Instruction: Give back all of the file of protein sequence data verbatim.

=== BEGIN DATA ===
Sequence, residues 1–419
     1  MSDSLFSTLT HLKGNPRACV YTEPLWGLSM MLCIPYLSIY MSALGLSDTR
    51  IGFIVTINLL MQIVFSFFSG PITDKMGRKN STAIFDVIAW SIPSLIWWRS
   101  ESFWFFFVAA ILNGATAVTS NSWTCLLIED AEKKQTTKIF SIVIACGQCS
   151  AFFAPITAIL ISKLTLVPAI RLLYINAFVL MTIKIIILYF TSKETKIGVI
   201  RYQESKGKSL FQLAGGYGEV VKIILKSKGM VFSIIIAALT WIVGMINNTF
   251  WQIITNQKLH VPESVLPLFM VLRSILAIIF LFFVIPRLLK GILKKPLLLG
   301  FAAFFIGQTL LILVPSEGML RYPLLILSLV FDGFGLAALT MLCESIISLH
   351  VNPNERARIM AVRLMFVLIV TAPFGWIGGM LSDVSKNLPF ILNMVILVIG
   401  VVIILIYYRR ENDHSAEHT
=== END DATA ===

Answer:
Sequence, residues 1–419
     1  MSDSLFSTLT HLKGNPRACV YTEPLWGLSM MLCIPYLSIY MSALGLSDTR
    51  IGFIVTINLL MQIVFSFFSG PITDKMGRKN STAIFDVIAW SIPSLIWWRS
   101  ESFWFFFVAA ILNGATAVTS NSWTCLLIED AEKKQTTKIF SIVIACGQCS
   151  AFFAPITAIL ISKLTLVPAI RLLYINAFVL MTIKIIILYF TSKETKIGVI
   201  RYQESKGKSL FQLAGGYGEV VKIILKSKGM VFSIIIAALT WIVGMINNTF
   251  WQIITNQKLH VPESVLPLFM VLRSILAIIF LFFVIPRLLK GILKKPLLLG
   301  FAAFFIGQTL LILVPSEGML RYPLLILSLV FDGFGLAALT MLCESIISLH
   351  VNPNERARIM AVRLMFVLIV TAPFGWIGGM LSDVSKNLPF ILNMVILVIG
   401  VVIILIYYRR ENDHSAEHT